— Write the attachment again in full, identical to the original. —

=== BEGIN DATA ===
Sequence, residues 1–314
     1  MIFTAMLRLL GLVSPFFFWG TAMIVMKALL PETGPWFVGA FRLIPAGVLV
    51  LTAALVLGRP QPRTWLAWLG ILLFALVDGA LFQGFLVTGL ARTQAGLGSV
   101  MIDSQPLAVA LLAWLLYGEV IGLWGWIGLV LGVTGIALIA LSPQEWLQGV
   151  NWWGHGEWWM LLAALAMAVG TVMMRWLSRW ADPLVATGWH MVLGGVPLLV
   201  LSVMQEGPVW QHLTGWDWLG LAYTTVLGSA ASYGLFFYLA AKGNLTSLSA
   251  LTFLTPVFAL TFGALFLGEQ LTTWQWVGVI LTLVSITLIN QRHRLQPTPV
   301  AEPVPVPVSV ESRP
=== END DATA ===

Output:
Sequence, residues 1–314
     1  MIFTAMLRLL GLVSPFFFWG TAMIVMKALL PETGPWFVGA FRLIPAGVLV
    51  LTAALVLGRP QPRTWLAWLG ILLFALVDGA LFQGFLVTGL ARTQAGLGSV
   101  MIDSQPLAVA LLAWLLYGEV IGLWGWIGLV LGVTGIALIA LSPQEWLQGV
   151  NWWGHGEWWM LLAALAMAVG TVMMRWLSRW ADPLVATGWH MVLGGVPLLV
   201  LSVMQEGPVW QHLTGWDWLG LAYTTVLGSA ASYGLFFYLA AKGNLTSLSA
   251  LTFLTPVFAL TFGALFLGEQ LTTWQWVGVI LTLVSITLIN QRHRLQPTPV
   301  AEPVPVPVSV ESRP